Women are making the cut in forestry
Balanced on the bonnet of a forestry ute, Veronica Hall's freshly baked chocolate cake is carefully sliced and eagerly devoured by her workmates – loggers in hi-viz marked with grease and mud.
A cold wind carries the smell of fresh cut pine and the view from the ridgeline looking toward the St Arnaud Range, south of Nelson, is spectacular.
The CWL crew's two diggers, hauler, and Bell timber grab are silent for the smoko break.
Nannying had been an option for Hall when she left school. Then her forester father invited her to the skid site and put her in a hauler. That was 20 years ago.
"I said I would stay a year and get out – and here I am."
Hall's one of two women working for crew boss Willy Waldren. Her time is spent operating either one of the diggers or the three-wheeled Bell.
"The big thing is working around guys," said Hall, 38.
"You go to work, do the job and go home. We are a team and everyone works together. There are no egos."
Married with two children Hall said the hard part was the long hours. The work van picks her up from her Brightwater gate at 5.45am and drops her home at 5pm.
"When I first started with Dad I had to prove myself because I was family rather than because I was a girl.
"In this crew no-one is sexist, but if you are not confident and good at your job it would be difficult."
Hall said the perception logging was dangerous was wrong."It's only dangerous if you make it so.
"I love my job. I don't enjoy being away from my family, but I will not give it up."
Workmate Karla Te Tau's also been working in forestry around 20 years. She cuts up on the skid or operates machinery.
She started in forestry on the West Coast with her partner at the time when she was 19.
"I love everything about it. We get paid to play with the machines.
"I love operating machinery or swinging the chainsaw – I love the adrenaline.
"If someone had asked me when I left school what I wanted to do it would not have been logging. I just fell into it."
Working in a full production crew meant there was no slacking, she said.
Te Tau, 38, has worked with a number of crews and said it could take time for the men to adjust to having a woman in their midst.
"But having a sense of humour helps.
"I have a reputation for proving myself. I like to be the first out and the last back.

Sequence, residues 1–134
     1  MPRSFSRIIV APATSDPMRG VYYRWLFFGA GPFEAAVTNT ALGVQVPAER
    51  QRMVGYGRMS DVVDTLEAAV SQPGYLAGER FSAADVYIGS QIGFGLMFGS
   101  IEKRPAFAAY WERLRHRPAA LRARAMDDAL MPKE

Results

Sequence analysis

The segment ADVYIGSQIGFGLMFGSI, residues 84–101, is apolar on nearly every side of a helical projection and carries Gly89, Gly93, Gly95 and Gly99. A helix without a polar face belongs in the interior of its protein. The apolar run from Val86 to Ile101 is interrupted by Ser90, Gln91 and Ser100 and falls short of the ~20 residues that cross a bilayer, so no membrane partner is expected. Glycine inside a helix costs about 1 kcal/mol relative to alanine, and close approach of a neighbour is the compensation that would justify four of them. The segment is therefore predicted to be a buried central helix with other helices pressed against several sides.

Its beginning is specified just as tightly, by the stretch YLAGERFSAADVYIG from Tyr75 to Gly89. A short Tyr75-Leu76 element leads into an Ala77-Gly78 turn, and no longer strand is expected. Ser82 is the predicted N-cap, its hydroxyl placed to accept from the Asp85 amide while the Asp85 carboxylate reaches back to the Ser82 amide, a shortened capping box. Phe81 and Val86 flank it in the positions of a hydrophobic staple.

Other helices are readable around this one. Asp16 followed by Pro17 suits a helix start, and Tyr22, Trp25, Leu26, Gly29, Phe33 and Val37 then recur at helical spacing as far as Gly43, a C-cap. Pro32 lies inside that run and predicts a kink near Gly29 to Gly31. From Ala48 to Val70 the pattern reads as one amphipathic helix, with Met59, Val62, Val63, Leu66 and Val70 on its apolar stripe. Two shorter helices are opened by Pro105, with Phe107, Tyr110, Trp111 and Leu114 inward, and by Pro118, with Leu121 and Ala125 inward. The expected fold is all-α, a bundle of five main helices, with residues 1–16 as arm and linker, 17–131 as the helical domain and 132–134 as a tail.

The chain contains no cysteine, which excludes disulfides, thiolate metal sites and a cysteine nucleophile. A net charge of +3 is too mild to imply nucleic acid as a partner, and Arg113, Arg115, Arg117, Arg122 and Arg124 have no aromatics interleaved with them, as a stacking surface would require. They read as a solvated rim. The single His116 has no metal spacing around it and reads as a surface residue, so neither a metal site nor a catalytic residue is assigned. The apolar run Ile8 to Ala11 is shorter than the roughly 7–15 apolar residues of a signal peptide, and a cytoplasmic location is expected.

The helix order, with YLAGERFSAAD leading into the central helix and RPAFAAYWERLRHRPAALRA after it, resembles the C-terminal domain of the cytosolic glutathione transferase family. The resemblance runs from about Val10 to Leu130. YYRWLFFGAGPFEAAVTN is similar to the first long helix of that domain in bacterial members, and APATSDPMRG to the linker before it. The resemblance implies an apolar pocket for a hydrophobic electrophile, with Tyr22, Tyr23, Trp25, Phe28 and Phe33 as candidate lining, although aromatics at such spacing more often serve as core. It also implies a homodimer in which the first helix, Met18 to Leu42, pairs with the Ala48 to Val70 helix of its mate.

"You have to have an edge and earn respect. And the respect goes both ways."
Waldren said the crew had been together for about a year and the men really liked working with the women.
"They are good at their jobs and for me they are good on the gear and on communication – I have no issues at all.
"Karla and Veronica have been working in logging for years, they know what the industry is like. And they are both mothers and have no qualms about telling the guys off."
He said women had to be good to stay in forestry.
"They are never going to be bigger or stronger, so they have to be better."
In Waimea Contract Carrier's yard Tania Buschl's dwarfed by her Scania log truck. The 38-year-old started driving 17-years ago and worked her way up to carrying logs.
"I'm on the night shift from 11.30am to 1.30am. It's a big night and five days a week. I don't really have a life.
"But I love the freedom and being out on the road and I like being on my own.
"I've been at Waimea for three-and-a-half years and am happy - it's a good company."
Buschl took courses to get her licences, but said it was hard to get her first job "because no one initially wanted me with no experience".
"I think it's easier for women to get in now, and I do recommend it, although it takes a certain type of person."
"You have to like working in mud and put up with snowy icy conditions and rain.
"And the forestry roads can be challenging when it's icy and you are out there on your own in the dark.
"When I first started, the crews would take one look at me and it was like, 'here we go'.
"They accept me now and we get on really well, so it's got better."
Waimea Contract Carriers executive director Jenny McIntyre said Buschl was one of the company's top performers.
"She's got a huge work ethic, she wants to work the hours, puts gender aside and is not scared to speak up if she sees someone doing something unsafe.
"She got lots of attitude, is proud of what she does and is a really valued member of the team."